The words of AD Tim Curley in response to Joe Paterno’s declaration that he’ll return to the sidelines to coach in 2011 might suggest that the administration doesn’t quite feel the same way.
“We’re glad to hear of Coach Paterno’s excitement for next season. We share his optimism about the team’s potential, and look forward to our annual postseason discussion with Coach Paterno about next year.”
Sort of sounds like what you would tell someone who called you about a recommendation for someone you recently canned, doesn’t it? Don’t say anything for which you can later be held accountable. Waffle, waffle, waffle — IHOP should produce as many! Joe’s superiors are not looking forward to his return, just to the post-season discussion. Not much to look forward to there. They already know the script. Joe tells them what he’ll be doing and they congratulate him.
There might be nothing to it at all. Curley, after all, represents the administration on this issue, one that at least officially has not been decided yet. President Spanier and the Board of Trustees haven’t had time to weigh in on the subject, either, since Paterno opened his mouth. Lacking an official position by the university, Curley couldn’t publicly confirm or deny Paterno’s return. He squirmed like a man put on the spot.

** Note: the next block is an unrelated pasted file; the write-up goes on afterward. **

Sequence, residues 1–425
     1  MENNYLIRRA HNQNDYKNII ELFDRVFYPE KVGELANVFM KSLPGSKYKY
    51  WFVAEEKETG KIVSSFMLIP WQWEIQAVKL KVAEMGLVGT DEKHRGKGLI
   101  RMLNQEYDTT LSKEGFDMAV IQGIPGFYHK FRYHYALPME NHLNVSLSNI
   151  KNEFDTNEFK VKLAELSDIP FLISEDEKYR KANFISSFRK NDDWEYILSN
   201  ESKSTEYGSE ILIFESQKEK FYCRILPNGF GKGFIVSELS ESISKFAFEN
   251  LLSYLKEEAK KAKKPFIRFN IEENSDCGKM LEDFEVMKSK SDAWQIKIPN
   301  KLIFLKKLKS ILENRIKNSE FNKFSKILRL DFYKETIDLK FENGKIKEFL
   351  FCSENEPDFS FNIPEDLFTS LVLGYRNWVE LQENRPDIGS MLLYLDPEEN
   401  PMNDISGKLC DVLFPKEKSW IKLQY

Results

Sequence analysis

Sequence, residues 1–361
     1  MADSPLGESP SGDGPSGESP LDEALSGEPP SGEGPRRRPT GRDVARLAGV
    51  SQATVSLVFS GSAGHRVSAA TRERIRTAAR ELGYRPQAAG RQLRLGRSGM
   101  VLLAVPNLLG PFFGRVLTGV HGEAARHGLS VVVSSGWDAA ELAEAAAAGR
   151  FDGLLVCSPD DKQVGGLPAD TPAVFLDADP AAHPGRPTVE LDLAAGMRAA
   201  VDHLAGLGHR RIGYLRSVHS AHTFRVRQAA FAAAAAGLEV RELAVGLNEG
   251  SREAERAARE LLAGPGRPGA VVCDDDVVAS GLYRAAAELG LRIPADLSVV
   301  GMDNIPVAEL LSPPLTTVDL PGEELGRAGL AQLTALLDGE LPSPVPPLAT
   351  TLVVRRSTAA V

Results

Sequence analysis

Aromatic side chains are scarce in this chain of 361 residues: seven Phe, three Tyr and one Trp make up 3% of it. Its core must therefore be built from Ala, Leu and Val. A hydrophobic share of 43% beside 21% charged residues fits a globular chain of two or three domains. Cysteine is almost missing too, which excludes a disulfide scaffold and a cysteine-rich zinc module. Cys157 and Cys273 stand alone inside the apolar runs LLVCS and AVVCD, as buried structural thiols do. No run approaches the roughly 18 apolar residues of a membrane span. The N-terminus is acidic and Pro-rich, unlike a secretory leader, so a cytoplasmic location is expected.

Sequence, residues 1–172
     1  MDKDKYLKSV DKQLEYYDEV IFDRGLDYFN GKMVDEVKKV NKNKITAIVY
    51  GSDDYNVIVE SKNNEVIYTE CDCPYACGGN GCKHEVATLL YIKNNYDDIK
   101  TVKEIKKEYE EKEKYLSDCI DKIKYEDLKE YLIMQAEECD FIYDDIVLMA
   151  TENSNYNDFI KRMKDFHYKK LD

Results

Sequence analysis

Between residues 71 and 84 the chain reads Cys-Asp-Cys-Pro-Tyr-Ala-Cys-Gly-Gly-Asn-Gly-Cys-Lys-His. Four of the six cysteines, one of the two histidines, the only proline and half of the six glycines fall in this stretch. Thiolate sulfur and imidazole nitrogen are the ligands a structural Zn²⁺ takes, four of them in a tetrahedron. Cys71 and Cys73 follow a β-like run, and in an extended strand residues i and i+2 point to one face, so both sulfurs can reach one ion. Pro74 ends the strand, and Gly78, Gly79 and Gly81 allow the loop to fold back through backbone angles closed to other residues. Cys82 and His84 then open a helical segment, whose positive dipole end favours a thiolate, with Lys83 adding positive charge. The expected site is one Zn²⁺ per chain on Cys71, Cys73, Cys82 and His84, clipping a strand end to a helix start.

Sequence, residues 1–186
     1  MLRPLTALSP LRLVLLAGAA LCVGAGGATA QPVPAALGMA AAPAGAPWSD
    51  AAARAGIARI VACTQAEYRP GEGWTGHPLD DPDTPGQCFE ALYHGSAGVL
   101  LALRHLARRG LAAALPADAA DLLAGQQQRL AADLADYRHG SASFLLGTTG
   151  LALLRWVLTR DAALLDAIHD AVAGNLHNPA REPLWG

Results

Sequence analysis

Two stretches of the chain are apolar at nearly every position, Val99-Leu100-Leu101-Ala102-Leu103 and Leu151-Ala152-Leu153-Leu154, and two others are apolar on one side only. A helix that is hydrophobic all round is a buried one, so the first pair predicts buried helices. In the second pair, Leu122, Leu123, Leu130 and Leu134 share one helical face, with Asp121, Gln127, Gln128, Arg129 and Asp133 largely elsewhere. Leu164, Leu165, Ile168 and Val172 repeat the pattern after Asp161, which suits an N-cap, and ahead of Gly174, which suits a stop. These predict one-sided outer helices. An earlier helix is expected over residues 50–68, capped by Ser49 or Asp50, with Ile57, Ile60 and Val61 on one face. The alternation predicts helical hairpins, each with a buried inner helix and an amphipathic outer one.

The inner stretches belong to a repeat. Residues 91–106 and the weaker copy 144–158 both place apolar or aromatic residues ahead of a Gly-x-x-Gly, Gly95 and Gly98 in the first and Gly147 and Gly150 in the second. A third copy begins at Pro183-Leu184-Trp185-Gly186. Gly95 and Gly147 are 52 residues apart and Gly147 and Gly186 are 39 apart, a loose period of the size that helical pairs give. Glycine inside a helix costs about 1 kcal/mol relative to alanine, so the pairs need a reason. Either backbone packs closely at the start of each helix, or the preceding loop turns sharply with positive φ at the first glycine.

Paterno had no reason not to say what he said. His contract extends through next year, so why wouldn’t he be looking forward to coaching the team? Viewed in this light, Curley’s equivocation could be meaningful, because the BOT, Spanier, and he all know about Joe’s contract.
Frankly, I think Curley is being coy just because he is a mealy-mouthed administrator in CYA Mode, and it is merely rumor mongering to read between the lines.
Our rampant speculation leading up to last year’s annual post-season discussion was defused when the three-year contract was announced. Paterno’s situation did not come up again until the summer, when he battled an intestinal virus that led to weight loss, cancelled speeches, and general observable debilitation, leading to speculation — at least by one reporter — that the venerable head coach might not even make it through the season. Once the 2010 season kicked off, much of that unfounded speculation was laid to rest. After the unexpected loss to Illinois, the drums grew louder once again. A couple of wins muted them a bit. Now, as usual after a worse than expected season, the “Joe Must Go” crowd, the reporters who must invent news to keep readers interested, and this Turkey are recontemplating our respective navels while formulating scenarios for Paterno’s demise as head coach and choosing his subsequent replacement. Given that there have been innumerable false alarms dating back to even before the dreaded “Dark Years”, it is certainly possible that those who see significance in Curley’s careful evasion will be disappointed once again.
I can’t take credit for unearthing Curley’s quote and perhaps overreacting to it. Phil Mushnick of the New York Post did that on Sunday. You can decide whether Curley is sending a signal by what he didn’t say. Read his take here.